Williams (+2)

This spring was a historic one for the Ephs, one that included a record number of wins (18), a first-ever trip to the Final Four and two major awards: Jake Haase as NESCAC Rookie of the Year and George McCormack as NESCAC Coach of the Year. The 12-8 loss to Amherst in the national semifinals surely still stings, but there’s little for Williams to hang low about. Better yet, the Ephs lose just one key contributor in close defenseman Cameron Brown. They’ll be back.

Washington and Lee (+2)

The Generals took home their first ODAC championship since 2016 and made it to the third round of the NCAA tournament, only to fall to York. Getting back to that stage will be tough, especially with three-time All-American attackman A.J. Witherell moving on to graduation; he had 317 career points. Odds are Washington and Lee will rebound just fine, but that’s a monumental hole for any program.


RIT (-4)

For the second straight year, RIT’s season ended prematurely in the NCAA tournament to a NESCAC team. In 2018, it was a semifinal defeat to eventual champions Wesleyan, and this spring it was a quarterfinal loss to Williams in double overtime. The Tigers have won every Liberty League tournament since 2012, but have lacked that final edge to be crowned national champion.

Tufts (-3)

All-American midfielder Nick Shanks missed the Jumbos’ three NCAA tournament games and that took its toll, as they fell to Amherst, 13-11, in the quarterfinals. Tufts seemed destined for a sixth championship game appearance this decade, but fell just short. In closing out this decade, the Jumbos took home nine out of a possible 10 NESCAC tournament titles, including one this spring.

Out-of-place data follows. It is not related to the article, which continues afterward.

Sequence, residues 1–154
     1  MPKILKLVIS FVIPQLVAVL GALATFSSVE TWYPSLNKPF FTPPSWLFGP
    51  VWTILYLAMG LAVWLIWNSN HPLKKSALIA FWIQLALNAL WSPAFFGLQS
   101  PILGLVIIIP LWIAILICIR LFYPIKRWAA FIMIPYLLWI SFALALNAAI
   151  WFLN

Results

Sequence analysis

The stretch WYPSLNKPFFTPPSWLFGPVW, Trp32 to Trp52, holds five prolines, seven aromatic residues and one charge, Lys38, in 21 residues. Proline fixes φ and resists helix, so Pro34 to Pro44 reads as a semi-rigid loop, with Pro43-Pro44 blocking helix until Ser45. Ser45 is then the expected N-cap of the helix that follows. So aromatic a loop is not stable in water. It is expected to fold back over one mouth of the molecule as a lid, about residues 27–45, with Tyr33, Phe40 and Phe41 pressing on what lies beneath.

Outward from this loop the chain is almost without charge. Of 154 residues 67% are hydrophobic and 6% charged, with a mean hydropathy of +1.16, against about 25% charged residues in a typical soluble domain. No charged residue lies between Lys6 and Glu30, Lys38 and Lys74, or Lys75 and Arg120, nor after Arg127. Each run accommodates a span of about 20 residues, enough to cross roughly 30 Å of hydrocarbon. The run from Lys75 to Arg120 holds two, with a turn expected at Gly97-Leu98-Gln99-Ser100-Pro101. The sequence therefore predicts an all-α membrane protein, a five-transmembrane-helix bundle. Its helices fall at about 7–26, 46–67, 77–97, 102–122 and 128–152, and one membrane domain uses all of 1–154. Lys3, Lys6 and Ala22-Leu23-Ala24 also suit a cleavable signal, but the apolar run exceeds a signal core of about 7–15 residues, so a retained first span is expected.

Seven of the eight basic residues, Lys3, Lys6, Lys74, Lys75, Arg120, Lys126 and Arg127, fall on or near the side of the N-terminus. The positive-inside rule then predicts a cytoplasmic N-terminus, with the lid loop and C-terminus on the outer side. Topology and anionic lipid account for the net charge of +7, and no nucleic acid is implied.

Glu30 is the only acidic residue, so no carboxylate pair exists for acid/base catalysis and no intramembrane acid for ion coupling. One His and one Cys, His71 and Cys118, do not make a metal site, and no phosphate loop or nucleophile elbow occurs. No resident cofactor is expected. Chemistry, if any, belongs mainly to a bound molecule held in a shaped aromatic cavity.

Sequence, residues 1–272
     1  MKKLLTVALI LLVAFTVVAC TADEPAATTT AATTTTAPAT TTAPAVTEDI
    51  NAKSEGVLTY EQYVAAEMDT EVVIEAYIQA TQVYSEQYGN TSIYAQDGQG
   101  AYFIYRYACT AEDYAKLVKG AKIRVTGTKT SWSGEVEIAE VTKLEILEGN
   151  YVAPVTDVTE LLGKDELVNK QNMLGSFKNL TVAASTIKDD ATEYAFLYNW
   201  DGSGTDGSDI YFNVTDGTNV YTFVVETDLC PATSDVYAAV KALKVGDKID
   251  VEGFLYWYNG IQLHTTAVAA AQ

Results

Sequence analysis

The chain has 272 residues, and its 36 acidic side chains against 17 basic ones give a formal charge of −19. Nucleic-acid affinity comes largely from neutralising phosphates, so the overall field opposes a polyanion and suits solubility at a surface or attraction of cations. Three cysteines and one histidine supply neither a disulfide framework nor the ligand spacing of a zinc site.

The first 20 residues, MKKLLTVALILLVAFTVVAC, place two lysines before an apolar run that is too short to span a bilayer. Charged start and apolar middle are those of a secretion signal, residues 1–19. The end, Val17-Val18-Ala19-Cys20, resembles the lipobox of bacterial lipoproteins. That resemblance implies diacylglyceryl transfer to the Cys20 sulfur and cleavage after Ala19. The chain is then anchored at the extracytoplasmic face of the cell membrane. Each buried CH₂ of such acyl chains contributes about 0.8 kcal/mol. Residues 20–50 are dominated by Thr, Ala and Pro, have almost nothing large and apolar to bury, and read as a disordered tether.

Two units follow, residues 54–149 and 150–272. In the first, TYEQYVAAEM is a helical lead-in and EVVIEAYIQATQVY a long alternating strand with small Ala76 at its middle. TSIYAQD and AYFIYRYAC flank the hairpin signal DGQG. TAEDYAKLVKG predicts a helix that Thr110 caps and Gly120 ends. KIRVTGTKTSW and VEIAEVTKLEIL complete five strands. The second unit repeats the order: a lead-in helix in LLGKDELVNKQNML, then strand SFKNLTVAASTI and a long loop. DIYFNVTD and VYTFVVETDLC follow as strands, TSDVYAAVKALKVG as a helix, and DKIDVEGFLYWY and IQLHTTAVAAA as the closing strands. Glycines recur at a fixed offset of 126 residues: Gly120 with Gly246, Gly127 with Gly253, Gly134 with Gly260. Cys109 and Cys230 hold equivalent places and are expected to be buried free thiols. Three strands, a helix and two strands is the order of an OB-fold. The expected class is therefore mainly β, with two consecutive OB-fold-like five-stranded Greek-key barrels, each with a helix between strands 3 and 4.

York (-3)

The 2019 season will go down as one of what-ifs for York. As the top seed, the Spartans fell in the CAC tournament final to Salisbury, and then dropped an overtime classic in the NCAA tournament quarterfinals to eventual national champions Cabrini. York should stick around the top 10 next season, but there’s also the impending loss of attackmen Hunter Davis, Thomas Pfeiffer and Brendan McGrath. A new era is around the corner.

Ursinus (-4)

This season’s Cinderella story in Division III came to an end in the with a 16-15 overtime defeat to NEWMAC powerhouse Springfield in the NCAA tournament’s second round. However, the Bears took home their first Centennial Conference championship and have a ton to build off after head coach Gary Mercadante’s first year in charge.


St. Lawrence

The Saints were a bubble team for the NCAA tournament and missed out, all despite a 13-4 season that ended in the Liberty League semifinals to RIT. St. Lawrence only had seven seniors on this year’s roster, so there’s every reason to believe 2020 could mark a return to the big dance.



The Bulldogs’ only regular season loss came to Eastern in the final game before postseason play began. They then exacted revenge over the Eagles, 14-13, in winning their first-ever MAC Freedom championship. Then reality hit in a 15-4 defeat to Cabrini in the second round of the NCAA tournament. Despite those ups and downs, a 17-2 final record marked a truly remarkable turnaround after going 5-10 in 2018.